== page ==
Nick Murphy shakes off his brooding, soulful alter ego in this surprise EP, boldly setting out shop “to bridge the sonic chasm” between Chet Faker and Nick Murphy – the former, he confesses, was borne of the question “what do I think is cool?”. He replaces Chet’s sexy, mellow beats with unexpected intensity and less abstract, more sincere lyrics. The EP stands alone comfortably – Murphy once again proves his unwillingness to conform to one sound. It’s neither as melancholy or reflective as parts of ‘Built on Glass’, nor will it make you want to take your clothes off like ‘Thinking In Textures’. It’s clear that he has begun answering the question: “what do I like?”.
A mysterious, swelling opening with familiar low-pitched vocals give way to huge snare and bass. It’s difficult not to picture Murphy emerging from backstage to a sold-out crowd; surely a show opener for his upcoming tour, ‘Your Time’ sways with all the attitude you’d expect, but is wholly larger than anything Murphy has previously released.
Best lyric: “You’re the only reason that I made it here tonight”
This lyricless track starts out with heavy effects on a tinny guitar and hits us with a wave of synth. A perfect linker from the brash ‘Your Time’ to the next softer, more reflective track.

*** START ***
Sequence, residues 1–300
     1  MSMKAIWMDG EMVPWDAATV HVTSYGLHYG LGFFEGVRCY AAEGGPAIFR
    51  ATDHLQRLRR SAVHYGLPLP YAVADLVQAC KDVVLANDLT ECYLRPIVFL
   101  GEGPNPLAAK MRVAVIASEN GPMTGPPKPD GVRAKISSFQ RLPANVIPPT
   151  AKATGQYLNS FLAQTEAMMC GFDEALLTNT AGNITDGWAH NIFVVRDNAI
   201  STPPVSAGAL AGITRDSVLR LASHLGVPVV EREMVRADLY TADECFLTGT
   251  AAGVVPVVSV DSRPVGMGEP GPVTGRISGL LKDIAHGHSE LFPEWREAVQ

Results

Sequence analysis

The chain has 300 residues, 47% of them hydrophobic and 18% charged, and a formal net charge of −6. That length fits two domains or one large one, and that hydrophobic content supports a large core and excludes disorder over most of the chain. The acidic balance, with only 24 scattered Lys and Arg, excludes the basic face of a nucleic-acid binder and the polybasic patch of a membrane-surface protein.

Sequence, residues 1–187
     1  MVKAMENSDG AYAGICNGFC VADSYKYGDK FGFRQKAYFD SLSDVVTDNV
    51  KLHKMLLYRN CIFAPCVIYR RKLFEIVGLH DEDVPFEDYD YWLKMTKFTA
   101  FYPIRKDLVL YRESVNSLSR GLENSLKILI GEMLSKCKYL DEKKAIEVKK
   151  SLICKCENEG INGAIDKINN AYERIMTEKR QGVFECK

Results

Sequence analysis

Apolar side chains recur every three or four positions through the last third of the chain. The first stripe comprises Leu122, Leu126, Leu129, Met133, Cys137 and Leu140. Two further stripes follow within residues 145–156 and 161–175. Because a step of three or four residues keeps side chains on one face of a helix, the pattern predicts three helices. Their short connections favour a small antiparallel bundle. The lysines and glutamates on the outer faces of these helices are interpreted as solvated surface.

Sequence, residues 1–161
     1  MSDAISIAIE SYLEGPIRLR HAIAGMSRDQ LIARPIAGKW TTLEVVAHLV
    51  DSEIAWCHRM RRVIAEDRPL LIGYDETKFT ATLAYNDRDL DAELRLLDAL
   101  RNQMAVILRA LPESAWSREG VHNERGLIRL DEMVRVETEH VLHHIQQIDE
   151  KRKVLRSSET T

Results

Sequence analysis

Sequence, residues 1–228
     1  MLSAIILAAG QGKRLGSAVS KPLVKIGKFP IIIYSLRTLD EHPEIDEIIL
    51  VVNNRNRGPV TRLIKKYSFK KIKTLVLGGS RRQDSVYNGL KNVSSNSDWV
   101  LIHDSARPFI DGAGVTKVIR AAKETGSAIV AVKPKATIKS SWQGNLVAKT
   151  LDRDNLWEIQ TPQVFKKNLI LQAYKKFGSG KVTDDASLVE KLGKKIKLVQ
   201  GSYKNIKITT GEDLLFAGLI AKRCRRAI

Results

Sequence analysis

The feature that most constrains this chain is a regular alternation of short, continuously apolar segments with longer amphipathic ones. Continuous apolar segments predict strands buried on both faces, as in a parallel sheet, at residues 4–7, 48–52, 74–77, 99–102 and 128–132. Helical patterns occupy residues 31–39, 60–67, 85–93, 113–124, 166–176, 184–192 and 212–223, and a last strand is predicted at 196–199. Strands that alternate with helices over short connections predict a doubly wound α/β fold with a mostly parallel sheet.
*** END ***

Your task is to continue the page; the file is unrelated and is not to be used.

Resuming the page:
Think: Arcade driving game hype music, with 10x the complexity
Grating screeches are cut short by the familiar sound of deep bass, punctuated by what sounds like R2-D2 at a rave (in the best possible way).
Murphy leads us by the hand out of the maze of the chorus, wrapping his own (admittedly impressive) falsetto in an enchanting array of effects. We emerge with pure phrases of clean guitar, the robotic monologue creeping back in behind snares in a crescendo to the chorus, only a steel drum away from Jamie XX.
This is by far the most musically impressive track on this EP, and Murphy sets expectations high for what is to come in his new era.
Listen out for: the Prodigy-esque ‘Firestarter’ screeches at the start
Forget About Me
A haunting, tinny, latin chorist introduces this song with dock bells, followed by violins preceding Murphy’s high-tempo exit from the airy choruses of “I’m Ready”.
The track ends in a mind-spinning cry from the vocalist lasting over a minute hidden beneath high-pitched synth, almost representing himself being dragged from Chet, to Nick.
Best lyric: “Save up and wake up by yourself, to be honest I know you”
Brass is back: the track opens with a sample of a wistful trumpeter, the familiar crackle of vinyl static over the top. This is followed by an electronic foray, parts of which wouldn’t be out of place at a deep house club night. That said, he maintains interest by striking the delicate balance between trance-like repeats and bass licks, varying vocals and a finger-numbing solo in the latter half which all give this final recording an intrigue.
Imagine: Murphy banging on the keyboard in the build up preceding 3½ minutes.
This EP was always going to provide the unexpected. Murphy has turned a corner, rising from the ashes of Chet Faker, leaving us pining for more as the EP concludes. Funny how you can bridge a “sonic chasm” in 23 minutes. Surely (hopefully?) this record will precede an album following a string of North American and European dates this Autumn.